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Ian Griffiths By Ian Griffiths Technical Fellow I
C# 10.0 improves handling of nullable references in generic types - no more AllowNull

A couple of years ago I blogged about how C# lets us transcend the type system with the AllowNull attribute. At the time I noted that in one of these case—generic code that wants to allow nullability when using type parameters—that the obvious solution turned out to work. You'd think that you could just write, say T?, but the compiler would reject that. Well in C# 10.0, it does work!

(Strictly speaking this was fixed in C# 9.0 and .NET 5.0. However, that wasn't an LTS release. For most of my work, non-LTS releases aren't really a viable target, so for me, this feature effectively became available with C# 10.0 and .NET 6.0.)

The non-generic case

To explain the scenario at hand, let's first look at some non-generic code to understand what we're looking to express. Here's an interface from the .NET runtime libraries:

public interface IComparable
{
    int CompareTo(object? obj);
}

This expresses ordered comparison, enabling you to determine whether one value is less then, equal to, or greater than some other value.

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CompareTo's only argument is of type object?, indicating that implementations of this interface are required to be able to cope with null inputs. Before nullable reference types were introduced in C# 8.0, this interface had to be declared with just object here but it still worked the same way: implementations were required to accept null, it's just that this wasn't previously formally captured in the interface definition.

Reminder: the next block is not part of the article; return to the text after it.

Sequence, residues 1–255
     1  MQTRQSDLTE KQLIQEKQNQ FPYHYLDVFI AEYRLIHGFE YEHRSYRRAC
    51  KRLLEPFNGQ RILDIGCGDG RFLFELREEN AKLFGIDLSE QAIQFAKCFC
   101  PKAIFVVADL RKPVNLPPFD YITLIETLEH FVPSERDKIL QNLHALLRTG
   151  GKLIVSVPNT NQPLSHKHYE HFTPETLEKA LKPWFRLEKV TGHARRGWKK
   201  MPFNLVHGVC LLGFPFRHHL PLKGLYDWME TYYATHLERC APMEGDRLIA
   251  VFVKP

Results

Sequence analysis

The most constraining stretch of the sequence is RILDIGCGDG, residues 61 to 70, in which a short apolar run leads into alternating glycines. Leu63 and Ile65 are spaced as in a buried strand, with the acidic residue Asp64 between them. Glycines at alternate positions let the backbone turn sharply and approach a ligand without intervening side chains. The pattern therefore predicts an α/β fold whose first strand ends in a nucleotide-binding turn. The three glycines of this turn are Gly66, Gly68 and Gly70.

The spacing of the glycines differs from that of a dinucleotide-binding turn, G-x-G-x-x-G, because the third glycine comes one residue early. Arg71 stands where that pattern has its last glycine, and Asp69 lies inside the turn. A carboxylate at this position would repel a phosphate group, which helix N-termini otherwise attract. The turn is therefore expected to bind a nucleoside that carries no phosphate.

The generic case, before nullable reference types

IComparable was introduced before generics, which is why the argument is of type object. This caused a problem for value types. For example, all the built-in numeric types implement IComparable, but if you pass an int to this version of CompareTo, the compiler would generate code to box the value. That enabled an int to be passed as an object but it was inefficient. Also, the use of object failed to convey the idea that this interface is intended for comparing like with like. Generics enabled both of these problems to be addressed:

public interface IComparable<in T>
{
    int CompareTo(T other);
}